Not only is mobile now a must-have channel, a new Fiserv study links mobile banking to bottom-line results and revenue – and quantifies the value of maximizing adoption and usage.
The aggregated analysis of select Fiserv clients of varying asset sizes – eight credit unions and nine banks – assessed the impact of mobile banking adoption on five key areas: product ownership, transaction frequency, interchange revenue, branch usage and retention. Fiserv examined consumer behavior in the three months before and three months after enrollment in mobile banking and found mobile usage had a positive impact on revenue.
Mobile banking users generate more revenue than nonusers in part because they own more products and conduct more transactions, generating revenue from interest and interchange. When consumers have immediate mobile access to financial information, it likely influences additional transactions. Mobile banking users are also less likely to visit a branch for simple transactions they can take care of on their mobile device – and less likely to take their accounts elsewhere.
What would happen if financial institutions increased their mobile adoption rates beyond current rates? The financial institutions in the study reported mobile adoption rates of 10 to 14 percent of their total customer or member base. To calculate incremental value, Fiserv compared current metrics to potential incremental returns from increased adoption of mobile banking, based on an adoption rate of 30 percent of the total customer or member base.
Why 30 percent? Major financial institutions report mobile banking adoption rates of 30 percent or higher of their total customer base – a benchmark that is also realistic for community institutions that invest in the mobile channel.
Based on higher mobile banking adoption, Fiserv found compelling potential ROI projections for the financial institutions in the study:
Financial institutions that offer innovative solutions like mobile deposit capture, actionable alerts and person-to-person payments are likely to see a corresponding lift in mobile banking adoption and usage. With every interaction or transaction made on a mobile device, digital engagement increases.
It's no longer enough to simply offer mobile banking. Consumers expect a wide range of mobile banking features and the user experience they’ve grown accustomed to on other mobile apps – and they are apt to switch financial institutions to find what they want. Innovations that use the unique attributes of mobile devices, including the camera, GPS location-based services and biometric authentication, will continue to drive greater mobile adoption and usage.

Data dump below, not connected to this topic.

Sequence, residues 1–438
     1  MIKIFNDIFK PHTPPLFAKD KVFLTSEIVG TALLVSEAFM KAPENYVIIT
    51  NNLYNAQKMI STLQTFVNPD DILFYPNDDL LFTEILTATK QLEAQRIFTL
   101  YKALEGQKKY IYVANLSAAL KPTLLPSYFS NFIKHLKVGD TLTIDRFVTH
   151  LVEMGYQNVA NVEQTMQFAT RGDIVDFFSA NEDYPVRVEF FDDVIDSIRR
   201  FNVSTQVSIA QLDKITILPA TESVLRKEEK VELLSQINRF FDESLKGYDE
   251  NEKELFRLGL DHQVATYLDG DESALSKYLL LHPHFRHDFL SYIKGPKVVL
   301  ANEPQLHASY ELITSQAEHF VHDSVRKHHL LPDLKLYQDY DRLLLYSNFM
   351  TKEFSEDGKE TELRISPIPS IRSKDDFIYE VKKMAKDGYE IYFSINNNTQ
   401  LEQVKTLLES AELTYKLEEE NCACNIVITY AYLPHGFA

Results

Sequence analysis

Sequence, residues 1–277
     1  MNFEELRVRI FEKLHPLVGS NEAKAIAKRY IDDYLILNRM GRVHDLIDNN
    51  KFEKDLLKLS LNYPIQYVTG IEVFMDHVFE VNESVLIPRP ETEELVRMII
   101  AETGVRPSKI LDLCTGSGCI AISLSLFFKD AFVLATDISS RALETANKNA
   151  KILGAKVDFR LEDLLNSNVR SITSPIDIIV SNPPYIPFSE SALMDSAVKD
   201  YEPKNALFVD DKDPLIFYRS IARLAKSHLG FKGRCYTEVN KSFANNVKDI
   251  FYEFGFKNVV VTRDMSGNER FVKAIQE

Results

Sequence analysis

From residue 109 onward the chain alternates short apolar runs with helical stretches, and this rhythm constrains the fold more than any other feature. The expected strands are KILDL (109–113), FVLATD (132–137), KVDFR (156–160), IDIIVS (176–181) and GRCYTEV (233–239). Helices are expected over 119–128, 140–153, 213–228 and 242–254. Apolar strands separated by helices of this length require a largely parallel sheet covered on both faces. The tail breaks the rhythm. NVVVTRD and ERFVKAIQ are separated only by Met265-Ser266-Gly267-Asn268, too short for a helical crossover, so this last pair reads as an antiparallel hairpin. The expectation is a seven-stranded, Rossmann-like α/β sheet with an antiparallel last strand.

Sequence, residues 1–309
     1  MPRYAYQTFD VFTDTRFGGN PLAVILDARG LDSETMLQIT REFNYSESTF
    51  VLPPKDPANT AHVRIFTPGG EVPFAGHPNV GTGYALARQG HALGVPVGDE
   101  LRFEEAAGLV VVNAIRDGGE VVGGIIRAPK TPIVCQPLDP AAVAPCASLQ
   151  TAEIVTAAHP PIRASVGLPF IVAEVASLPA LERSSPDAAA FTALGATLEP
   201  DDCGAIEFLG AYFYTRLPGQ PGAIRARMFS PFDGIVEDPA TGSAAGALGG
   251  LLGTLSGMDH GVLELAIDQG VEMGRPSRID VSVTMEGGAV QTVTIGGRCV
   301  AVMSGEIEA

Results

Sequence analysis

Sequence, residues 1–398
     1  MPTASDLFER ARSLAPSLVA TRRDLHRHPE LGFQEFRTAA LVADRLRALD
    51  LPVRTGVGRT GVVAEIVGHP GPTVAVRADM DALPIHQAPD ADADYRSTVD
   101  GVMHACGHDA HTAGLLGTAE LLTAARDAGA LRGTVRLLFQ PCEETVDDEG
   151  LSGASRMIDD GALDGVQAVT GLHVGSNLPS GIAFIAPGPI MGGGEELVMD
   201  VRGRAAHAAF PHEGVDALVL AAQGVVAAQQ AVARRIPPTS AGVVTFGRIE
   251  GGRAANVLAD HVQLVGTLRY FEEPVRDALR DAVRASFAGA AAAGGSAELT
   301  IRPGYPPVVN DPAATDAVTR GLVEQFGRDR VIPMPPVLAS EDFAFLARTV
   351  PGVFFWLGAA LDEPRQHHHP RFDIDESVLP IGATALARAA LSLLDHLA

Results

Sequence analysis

Consumers are moving from physical cards to digital, and as they grow more comfortable with mobile point-of-sale payments, financial institutions must keep pace by enabling mobile services that are fast, convenient and safe. Services like mobile card management, which allows cardholders to monitor and control how, when and where their cards are used, will become increasingly important.
Proactively marketing the strong value of mobile banking products and features directly to customers and members will help bolster adoption and usage. For example, financial institutions can cross-sell mobile banking with promotions that display when consumers log in to online banking or bill payment. Smart-app banners can direct customers who go to a bank's website with a mobile device to the more user-friendly mobile app.
Engaging front-line staff in the promotion of mobile banking is also key. When debit cards are issued, accounts opened or questions about online bill pay are asked, it’s a good time to talk about mobile banking. Social media channels also play an integral role in any mobile banking marketing campaign. Financial institutions should use every means possible to tell how mobile banking is relevant to consumers' needs, challenges and lifestyles.
The value of mobile banking users is incrementally higher. However, if a consumer enrolls in mobile banking and never uses the channel, that value is lost. Financial institutions that want to recognize the highest return on their mobile investment encourage mobile banking adoption at every turn and once consumers are enrolled in mobile banking, focus on increasing their adoption and usage to drive greater digital engagement and revenue.